Surface mining is a very old practice in North America. For example, mining for copper at the surface of the Michigan Upper Peninsula appears to have started as early as 5000 B.C. The ore produced through the hard labor of thousands of miners went to the manufacture of hand tools and jewelry.
It is estimated by scientists and engineers that given the tools available at the time, it would have taken 10,000 people approximately 1,000 years to excavate the 1.5 billion pounds of ore from this area of Michigan.1
In contrast, it would take approximately 38.5 hours for the fabled Big Muskie dragline to excavate the same amount of material. Perhaps if the Chippewa had the Big Muskie on hand they would not have given up the 30,000 square miles of the Upper Peninsula, with its high-quality copper from Lake Superior.
Talk of surface mining conjures visions of panning in a river during the California gold rush period in 1849. Since that time, North Americans have seen tremendous changes in many areas of life, not the least of which is the surface mining industry. Mining equipment has evolved into some of the most fascinating functional mechanical structures known to man.
Figure 1. North American's Oldest Dragline
As a case in point, take a look at this Bucyrus Class 24, (Figure 1), currently being restored at Reynolds Alberta Museum, located in Wetaskiwin, Alberta, Canada. This steam-powered dragline, erected in 1917, utilized a 100-foot boom with a four-yard bucket.
By comparison, a modern standard size pick-up truck offers about 2.5 cubic yards of space. To move it from one location to another, timbers were placed under the tub and the operator would use the bucket to pull the machine over the timbers to the desired location.
Figure 2. Bucyrus International, Inc. 2570WS
From this primitive beginning, mining tools have evolved into massive machines. Rock drills, front-end loaders, electric cable and hydraulic shovels - some boasting bucket sizes in excess of 50 yards - and mammoth trucks and draglines, such as the Bucyrus International, Inc. 2570WS (Figure 2), have introduced unprecedented levels of productivity for equipment owners and unprecedented challenges for the maintenance staffs.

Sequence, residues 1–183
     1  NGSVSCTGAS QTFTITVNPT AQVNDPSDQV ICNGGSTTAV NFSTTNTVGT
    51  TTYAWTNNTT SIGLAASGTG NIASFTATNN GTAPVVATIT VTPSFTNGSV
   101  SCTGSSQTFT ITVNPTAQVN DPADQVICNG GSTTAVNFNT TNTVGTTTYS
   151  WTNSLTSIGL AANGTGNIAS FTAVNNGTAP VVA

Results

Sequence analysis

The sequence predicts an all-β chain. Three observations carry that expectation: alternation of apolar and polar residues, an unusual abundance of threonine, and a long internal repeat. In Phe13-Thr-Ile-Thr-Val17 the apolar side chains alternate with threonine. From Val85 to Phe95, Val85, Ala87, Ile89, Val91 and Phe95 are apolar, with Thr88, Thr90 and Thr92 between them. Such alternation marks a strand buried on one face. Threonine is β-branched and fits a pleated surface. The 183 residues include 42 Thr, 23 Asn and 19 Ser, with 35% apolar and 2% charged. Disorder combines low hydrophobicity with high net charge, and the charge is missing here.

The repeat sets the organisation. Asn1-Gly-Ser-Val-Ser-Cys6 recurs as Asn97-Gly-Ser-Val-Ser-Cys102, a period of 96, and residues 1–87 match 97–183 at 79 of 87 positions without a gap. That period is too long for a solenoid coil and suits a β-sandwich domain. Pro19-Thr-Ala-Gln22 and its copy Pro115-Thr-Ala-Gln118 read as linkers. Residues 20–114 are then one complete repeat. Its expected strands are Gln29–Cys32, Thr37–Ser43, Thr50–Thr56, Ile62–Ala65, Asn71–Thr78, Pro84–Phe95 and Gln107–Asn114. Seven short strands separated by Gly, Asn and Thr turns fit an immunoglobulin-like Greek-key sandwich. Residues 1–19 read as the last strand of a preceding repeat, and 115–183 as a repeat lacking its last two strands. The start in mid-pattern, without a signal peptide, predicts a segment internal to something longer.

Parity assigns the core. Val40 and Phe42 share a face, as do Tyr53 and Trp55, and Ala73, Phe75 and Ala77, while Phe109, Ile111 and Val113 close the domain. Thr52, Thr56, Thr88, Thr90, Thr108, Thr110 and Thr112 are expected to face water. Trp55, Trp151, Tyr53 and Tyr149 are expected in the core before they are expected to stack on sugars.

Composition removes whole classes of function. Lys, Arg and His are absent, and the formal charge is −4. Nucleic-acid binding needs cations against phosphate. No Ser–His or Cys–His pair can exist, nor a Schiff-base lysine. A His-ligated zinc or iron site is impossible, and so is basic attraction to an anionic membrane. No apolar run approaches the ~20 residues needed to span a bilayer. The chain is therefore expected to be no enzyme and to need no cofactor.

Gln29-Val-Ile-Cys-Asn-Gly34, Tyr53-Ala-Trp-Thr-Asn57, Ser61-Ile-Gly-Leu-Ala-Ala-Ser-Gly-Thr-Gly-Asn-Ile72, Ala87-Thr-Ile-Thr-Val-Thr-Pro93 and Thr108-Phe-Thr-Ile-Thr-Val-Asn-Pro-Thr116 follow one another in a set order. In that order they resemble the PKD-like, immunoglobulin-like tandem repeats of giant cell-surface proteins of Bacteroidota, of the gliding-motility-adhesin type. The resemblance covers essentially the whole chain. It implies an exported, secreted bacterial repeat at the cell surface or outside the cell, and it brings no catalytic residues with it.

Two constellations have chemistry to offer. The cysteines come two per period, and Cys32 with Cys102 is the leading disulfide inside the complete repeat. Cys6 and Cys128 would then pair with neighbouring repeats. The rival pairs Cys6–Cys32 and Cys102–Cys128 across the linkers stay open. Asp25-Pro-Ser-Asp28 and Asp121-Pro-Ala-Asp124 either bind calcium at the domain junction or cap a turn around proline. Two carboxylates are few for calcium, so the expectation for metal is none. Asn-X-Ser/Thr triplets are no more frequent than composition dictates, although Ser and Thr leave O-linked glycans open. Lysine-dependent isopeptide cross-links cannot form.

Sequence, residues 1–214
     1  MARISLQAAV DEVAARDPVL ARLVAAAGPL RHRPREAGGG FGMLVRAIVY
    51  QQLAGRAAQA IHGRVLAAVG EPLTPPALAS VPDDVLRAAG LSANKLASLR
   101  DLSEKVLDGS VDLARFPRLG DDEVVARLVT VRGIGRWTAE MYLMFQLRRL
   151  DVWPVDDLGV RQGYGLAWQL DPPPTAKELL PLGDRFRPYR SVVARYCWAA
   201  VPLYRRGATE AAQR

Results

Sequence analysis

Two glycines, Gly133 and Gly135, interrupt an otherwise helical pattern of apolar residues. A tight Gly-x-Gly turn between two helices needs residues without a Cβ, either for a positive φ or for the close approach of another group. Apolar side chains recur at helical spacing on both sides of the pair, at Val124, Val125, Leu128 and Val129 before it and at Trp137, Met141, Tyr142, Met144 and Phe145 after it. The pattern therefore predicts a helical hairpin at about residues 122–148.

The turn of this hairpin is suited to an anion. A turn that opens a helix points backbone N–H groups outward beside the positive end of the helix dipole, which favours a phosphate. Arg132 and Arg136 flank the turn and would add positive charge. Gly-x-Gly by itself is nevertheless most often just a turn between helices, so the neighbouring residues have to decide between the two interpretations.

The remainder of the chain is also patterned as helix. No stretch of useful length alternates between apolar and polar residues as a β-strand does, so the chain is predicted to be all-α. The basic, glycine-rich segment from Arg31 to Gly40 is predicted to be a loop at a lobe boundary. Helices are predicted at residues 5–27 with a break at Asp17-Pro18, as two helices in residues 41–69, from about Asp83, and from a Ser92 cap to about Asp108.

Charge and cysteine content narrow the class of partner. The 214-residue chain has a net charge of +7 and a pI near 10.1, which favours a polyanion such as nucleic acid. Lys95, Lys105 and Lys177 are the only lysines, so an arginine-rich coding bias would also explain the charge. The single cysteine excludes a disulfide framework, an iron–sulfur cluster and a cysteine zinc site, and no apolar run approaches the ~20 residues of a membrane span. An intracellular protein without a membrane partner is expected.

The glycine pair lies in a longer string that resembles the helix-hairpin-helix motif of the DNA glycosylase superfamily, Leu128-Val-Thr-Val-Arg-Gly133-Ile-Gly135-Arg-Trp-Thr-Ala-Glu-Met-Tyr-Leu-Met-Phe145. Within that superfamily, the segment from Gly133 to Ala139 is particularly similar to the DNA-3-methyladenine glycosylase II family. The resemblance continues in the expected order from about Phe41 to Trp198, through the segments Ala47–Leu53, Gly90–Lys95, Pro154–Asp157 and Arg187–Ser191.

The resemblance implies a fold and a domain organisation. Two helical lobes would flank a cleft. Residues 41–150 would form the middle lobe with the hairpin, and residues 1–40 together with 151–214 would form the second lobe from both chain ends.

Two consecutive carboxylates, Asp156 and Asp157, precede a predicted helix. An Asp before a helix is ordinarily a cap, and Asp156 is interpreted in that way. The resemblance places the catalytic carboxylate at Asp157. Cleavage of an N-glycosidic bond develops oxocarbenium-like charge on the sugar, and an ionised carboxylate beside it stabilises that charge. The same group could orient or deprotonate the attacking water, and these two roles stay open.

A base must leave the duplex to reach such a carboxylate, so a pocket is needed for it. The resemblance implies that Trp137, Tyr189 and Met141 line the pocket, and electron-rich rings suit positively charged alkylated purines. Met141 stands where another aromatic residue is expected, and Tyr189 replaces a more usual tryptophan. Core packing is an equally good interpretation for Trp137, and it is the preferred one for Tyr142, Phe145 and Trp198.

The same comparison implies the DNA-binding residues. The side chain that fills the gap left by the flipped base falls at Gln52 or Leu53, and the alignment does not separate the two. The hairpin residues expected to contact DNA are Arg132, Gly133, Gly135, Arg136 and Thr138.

Greatly increased component sizes and load limits have placed tremendous responsibility on the machinery designer and the lubricant system manufacturer, to design and engineer systems that can be counted on to effectively lubricate and sustain these machines.
Figure 3. P&H 4100XPB Shovel
These machines are often as large as houses, with some booms extending nearly 300 feet. Depending on the type of machine, whether it is a shovel or a dragline or a drill, the machine’s key components may be either electrohydraulic or electromechanical.
For instance, the P&H 4100XPB shovel (Figure 3) is driven solely by electric motors (no diesel engines) to turn the cab and operate the lift, while the Komatsu Demag Model H655S (Figure 4) employs state-of-the-art electrohydraulic systems.
Some draglines have huge hydraulic systems and electrically driven gears, with sump capacities into the thousands of gallons. The rolling stock, including bulldozers and large haul trucks, are powered by diesel engines. Many of the loading and hauling equipment designs incorporate hydraulic systems powered by diesel generators.
Figure 4. Komatsu Demag Model H655S
As one might expect, effective lubrication of these heavily loaded components is absolutely critical to efficient, reliable, economical operation of a mine site. As the machines have grown in size and sophistication, the manufacturers of lubricant products and delivery systems have had to work equally hard to match the new requirements.
There are two equally important aspects of lubrication effectiveness in the strip mine: the delivery system and the lubricant.
Lubrication distribution systems have improved greatly over the years. Figure 5 is a reasonable facsimile of what would have been used on the Bucyrus 24 dragline in the early 1900s. The lower funnel-shaped half of the unit would be threaded into a port in the bearing housing. The upper cylinder-shaped half would be full of multipurpose grease (MPG).
Turning the upper cylinder clockwise would lower the cylinder onto the funnel-shaped portion, forcing (extruding) the lubricant stored in the reservoir of the cylinder portion through the funnel into the bearing.
The lube tech would make routine lubrication checks throughout the machine. As required, these lubricators would be turned to ensure the lubricated components received adequate replenishment while in use.
Today’s centralized lubrication systems factory-installed on mining machinery have greatly minimized the need for lube techs in most cases. These computerized systems are now capable of dispensing the right product, in the right amount, to the right point, and at the right time.
There are a number of centralized lubrication system manufacturers that offer a wide range of system types and designs to meet the needs of practically any mining application.
Most lubrication systems consist of a grease pump, a motor to drive that pump and some sort of injector or valve to control or measure lubricant volume. Most utilize a programmable logic controller (PLC) to program the frequency of the lubrication replenishment cycle. As sophisticated as some of these systems are, maintenance and proper set-up is essential to ensure that their benefits are realized.
With the advancements in centralized lubrication systems, serious consideration should be taken when selecting a system or upgrading an existing system. Although the system’s operation is generally quite simple and effective, performance limitations can have detrimental effects to lubricated components, such as the impact of changing lubricant viscosity.
If a lubrication system is modified to accommodate more lube points or there is a need to change a lubricant product, it is strongly recommended that both the system manufacturer and lubricant manufacturer be consulted before such changes are made.